It's the man's music that moves me - the muscles and the decidedly strong nose aren't bad either - which Deadline describes better than I could, saying the score is "melancholy but also incredibly wishful, walks a razor-thin line between the two and works beautifully with a sparkle of hope punctuated with a recurring delicate ding of a percussion instrument, the triangle."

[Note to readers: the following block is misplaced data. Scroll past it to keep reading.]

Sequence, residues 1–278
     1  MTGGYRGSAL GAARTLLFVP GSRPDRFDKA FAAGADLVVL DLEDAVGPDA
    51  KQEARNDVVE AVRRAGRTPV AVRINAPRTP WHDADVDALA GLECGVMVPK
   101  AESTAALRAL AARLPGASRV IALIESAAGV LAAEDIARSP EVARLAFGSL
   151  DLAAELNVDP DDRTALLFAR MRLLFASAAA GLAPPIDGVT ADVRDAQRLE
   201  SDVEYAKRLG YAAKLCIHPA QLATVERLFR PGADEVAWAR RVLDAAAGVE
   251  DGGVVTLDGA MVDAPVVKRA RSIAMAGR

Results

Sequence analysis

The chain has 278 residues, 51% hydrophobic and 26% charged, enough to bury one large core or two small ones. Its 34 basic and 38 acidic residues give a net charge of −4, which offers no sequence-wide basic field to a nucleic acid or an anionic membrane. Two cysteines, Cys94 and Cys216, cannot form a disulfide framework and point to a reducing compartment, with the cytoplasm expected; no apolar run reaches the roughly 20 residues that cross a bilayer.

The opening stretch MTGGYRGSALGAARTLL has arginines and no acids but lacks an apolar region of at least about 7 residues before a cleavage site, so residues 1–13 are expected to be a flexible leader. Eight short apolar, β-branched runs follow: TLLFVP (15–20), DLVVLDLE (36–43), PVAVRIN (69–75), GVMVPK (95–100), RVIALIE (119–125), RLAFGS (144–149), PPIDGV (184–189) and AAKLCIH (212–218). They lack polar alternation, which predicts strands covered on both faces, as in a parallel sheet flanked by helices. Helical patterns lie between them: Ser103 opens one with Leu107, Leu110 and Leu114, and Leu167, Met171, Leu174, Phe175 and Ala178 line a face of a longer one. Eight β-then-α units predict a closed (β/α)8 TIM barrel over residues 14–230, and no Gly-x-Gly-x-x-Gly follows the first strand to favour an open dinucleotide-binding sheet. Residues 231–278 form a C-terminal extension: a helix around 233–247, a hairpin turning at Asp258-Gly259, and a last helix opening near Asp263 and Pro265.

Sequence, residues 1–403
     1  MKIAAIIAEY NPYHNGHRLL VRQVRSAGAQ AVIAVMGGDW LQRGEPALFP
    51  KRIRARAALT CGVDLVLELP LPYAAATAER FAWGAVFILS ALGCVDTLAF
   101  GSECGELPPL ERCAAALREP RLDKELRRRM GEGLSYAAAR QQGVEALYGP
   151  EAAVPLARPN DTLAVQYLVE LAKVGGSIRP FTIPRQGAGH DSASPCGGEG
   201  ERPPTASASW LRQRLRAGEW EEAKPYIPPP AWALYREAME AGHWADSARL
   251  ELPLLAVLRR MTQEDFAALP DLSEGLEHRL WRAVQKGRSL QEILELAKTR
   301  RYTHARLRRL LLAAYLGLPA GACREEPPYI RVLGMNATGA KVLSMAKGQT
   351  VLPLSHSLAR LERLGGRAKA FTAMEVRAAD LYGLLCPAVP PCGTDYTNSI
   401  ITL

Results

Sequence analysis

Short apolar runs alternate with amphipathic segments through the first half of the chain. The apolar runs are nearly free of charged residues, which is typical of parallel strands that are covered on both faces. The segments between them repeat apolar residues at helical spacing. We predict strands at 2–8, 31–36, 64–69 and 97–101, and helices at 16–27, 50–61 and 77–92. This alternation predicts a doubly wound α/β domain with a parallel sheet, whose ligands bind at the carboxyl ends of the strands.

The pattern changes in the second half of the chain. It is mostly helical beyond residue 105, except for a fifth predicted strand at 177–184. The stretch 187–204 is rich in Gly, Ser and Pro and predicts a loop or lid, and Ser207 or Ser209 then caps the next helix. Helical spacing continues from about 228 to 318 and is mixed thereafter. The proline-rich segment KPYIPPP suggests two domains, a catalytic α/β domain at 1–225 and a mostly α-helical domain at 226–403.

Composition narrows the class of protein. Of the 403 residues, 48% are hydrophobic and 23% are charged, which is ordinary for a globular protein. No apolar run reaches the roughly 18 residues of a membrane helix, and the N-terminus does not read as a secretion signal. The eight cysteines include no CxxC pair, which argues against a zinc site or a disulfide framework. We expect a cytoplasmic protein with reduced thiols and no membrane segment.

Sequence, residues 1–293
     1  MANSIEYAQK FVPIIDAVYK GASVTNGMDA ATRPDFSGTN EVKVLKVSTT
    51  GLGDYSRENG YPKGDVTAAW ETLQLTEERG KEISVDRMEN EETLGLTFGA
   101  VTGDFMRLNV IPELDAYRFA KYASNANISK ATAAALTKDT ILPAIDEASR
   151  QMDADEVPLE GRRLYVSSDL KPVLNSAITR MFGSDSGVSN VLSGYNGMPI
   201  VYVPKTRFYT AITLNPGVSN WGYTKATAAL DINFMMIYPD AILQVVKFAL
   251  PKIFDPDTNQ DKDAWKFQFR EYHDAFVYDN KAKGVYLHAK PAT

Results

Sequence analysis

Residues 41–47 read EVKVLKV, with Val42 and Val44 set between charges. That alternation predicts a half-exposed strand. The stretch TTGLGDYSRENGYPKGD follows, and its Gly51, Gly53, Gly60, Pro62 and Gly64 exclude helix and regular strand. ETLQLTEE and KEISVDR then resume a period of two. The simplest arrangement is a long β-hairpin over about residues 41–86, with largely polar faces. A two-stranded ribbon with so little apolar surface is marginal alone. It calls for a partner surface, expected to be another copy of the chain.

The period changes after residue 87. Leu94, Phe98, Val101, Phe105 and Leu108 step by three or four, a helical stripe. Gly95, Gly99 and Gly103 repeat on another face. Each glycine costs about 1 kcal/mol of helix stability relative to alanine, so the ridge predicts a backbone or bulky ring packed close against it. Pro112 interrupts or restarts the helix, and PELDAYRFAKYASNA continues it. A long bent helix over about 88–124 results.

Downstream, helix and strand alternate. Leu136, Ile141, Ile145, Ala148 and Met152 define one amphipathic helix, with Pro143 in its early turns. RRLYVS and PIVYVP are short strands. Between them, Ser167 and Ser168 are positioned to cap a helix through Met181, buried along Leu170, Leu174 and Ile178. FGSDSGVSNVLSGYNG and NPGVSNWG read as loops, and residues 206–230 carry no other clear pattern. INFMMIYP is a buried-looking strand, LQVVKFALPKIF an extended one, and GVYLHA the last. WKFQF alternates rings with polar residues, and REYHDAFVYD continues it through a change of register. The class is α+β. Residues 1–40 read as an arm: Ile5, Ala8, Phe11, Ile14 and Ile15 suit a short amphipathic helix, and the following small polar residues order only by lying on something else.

“She gives so much doing nothing that the music has to respect that,” said Desplat. “If [the music] plays, it has to be so subtle. And yes, all her life is about this thing that was considered a sin, and it ruined her life. So yes, the music, to me, should reflect that — but in a tender way because her forgiveness, her humanity, is above any of the hard times she’s been through. She forgives, she loves people. Funnily enough, I met the real Philomena, and I could feel that, too.” His score, he says, is trying to guide the audience “to open windows, emphasize things that you might feel even more, and sometimes just pull back, leave the actors alone and respect the dialogue. Respect.”Now, listen! I could play this over and over again all day long. In fact I may. Enjoy!